Mercury will tomorrow be farthest out from the Sun (to the west – the right as seen from our northern hemisphere). It’s trying to make itself visible in the pre-sunrise twilight.
But it doesn’t try very hard, and this is really only to show you why this “greatest elongation” of Mercury (the first of three morning ones in the year) is unfavorable. To see it you’ll have to try harder.
The diagram shows that although the little planet has swung out to a large angular distance from the Sun (26.7 degrees, almost the largest elongation it will reach in the whole year), it is out at a low angle to the horizon. This is because it is in the part of its orbit which slopes south from where the Sun is. (Put another way, its declination is more southerly than the Sun’s; it is farther below the celestial equator.)
For people in South Africa or Australia it’s very different: Mercury’s southerliness favors them and they will see it high in the dawn. The tilted and eccentric geometry of the innermost planet’s orbit keeps cheating us in northern lands, as has to be explained every year in the Astronomical Calendar‘s Mercury section.
For better opportunities to glimpse Mercury, we have to wait till the evenings of around May 6, and the mornings of around October 16.
I decided to switch back to drawing these diagrams for the eastern American longitude of 75 degrees west (instead of the Greenwich longitude of 0). This may help a bit in the explanation of the clock times. The absolute time of the picture, about 11 hours Universal Time, is 11 AM in Britain, 6 AM in eastern North America, 3 AM on the west coast. But the diagram is true for the time of day – the time relative to sunrise – for all of those and other longitudes. That is, the stars will be in the same places and so will Mercury, almost exactly. (Only if the fast-moving Moon were in the picture would its changing positions have to be explained.)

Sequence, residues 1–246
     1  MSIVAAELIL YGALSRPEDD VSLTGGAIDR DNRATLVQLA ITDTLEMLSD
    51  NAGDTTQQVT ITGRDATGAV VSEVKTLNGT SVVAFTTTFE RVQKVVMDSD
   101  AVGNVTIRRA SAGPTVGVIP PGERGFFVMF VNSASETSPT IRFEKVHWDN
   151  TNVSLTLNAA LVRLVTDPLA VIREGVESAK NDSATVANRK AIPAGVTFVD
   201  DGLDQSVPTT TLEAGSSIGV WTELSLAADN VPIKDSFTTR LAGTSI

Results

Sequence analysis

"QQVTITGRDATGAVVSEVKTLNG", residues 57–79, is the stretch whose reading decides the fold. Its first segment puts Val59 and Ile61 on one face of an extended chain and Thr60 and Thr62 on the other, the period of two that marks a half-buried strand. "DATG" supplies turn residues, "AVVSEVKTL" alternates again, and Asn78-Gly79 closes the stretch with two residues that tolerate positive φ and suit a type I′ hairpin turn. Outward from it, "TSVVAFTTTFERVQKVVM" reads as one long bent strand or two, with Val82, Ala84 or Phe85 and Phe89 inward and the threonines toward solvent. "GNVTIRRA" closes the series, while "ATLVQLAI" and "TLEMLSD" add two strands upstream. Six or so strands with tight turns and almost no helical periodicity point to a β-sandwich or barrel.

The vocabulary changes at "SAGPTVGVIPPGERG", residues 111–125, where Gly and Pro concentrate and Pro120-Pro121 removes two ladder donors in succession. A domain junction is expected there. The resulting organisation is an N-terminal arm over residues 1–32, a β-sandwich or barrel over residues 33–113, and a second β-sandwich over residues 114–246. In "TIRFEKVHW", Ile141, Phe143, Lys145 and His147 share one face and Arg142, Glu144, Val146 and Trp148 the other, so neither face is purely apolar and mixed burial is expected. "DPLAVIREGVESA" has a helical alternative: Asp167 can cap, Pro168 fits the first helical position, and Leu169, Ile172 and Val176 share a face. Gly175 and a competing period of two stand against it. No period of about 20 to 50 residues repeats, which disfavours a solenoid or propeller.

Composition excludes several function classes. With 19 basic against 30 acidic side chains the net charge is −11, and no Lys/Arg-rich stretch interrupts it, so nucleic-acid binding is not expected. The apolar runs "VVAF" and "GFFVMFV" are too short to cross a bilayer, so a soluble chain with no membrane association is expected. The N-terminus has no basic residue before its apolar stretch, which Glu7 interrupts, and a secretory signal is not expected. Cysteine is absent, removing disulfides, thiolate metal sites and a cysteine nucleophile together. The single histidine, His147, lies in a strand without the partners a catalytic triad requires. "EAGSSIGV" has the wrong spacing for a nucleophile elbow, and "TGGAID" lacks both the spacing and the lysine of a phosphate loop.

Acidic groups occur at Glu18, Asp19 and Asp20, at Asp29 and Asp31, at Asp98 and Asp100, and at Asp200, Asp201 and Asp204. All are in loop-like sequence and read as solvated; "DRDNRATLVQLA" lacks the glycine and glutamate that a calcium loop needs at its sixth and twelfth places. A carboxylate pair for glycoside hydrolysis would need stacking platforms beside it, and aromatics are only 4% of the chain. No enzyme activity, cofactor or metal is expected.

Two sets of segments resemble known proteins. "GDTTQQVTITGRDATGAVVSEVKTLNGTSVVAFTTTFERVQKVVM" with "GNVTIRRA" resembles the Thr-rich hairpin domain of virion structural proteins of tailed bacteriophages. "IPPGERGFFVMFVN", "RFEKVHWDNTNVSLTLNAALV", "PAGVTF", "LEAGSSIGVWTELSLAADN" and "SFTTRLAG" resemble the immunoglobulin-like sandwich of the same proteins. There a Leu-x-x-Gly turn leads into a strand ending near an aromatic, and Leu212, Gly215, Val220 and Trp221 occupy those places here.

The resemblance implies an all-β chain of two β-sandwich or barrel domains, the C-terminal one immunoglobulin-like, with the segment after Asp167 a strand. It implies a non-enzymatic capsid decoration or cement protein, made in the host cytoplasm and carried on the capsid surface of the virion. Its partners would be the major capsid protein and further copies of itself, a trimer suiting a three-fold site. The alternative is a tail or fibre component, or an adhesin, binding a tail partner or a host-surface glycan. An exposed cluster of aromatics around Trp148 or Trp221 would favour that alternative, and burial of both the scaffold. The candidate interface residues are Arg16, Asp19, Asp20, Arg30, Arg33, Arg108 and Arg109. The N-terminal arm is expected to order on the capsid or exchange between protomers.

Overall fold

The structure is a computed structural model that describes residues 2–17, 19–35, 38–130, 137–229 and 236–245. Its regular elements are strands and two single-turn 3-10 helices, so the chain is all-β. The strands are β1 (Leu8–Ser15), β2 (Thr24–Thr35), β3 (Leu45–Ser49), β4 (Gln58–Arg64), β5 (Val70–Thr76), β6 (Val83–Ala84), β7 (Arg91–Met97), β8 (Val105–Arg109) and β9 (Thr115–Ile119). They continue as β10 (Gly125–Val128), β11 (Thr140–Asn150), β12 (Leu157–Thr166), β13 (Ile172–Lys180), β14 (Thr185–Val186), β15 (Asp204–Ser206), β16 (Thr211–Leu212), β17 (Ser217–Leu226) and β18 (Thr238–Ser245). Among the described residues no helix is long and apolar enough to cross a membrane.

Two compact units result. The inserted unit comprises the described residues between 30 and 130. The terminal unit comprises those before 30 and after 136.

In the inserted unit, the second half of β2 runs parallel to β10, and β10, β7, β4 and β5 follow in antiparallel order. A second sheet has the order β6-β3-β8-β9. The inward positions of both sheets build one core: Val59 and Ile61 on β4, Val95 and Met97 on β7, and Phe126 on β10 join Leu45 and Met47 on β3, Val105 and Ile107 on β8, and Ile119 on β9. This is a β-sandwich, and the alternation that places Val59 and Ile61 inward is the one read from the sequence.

The instant of the Feb. 24 “greatest elongation” event is not 11 UT but 16 UT, about 5 hours after the time of our picture. But this makes no appreciable difference, because at such an event the planet is hovering essentially still in relation to the Sun. We are looking at it as it moves directly away from us – looking at it along a tangent to its orbit. So it doesn’t matter whether it’s Britain or New York or California you’re looking from about 6 AM.
Differences of latitude make a difference: if you’re farther north than 40, Mercury will be lower. If you’re at the north pole, Mercury will be below the horizon, indeed below the Sun. Reductio ad absurdum is often a trick toward understanding.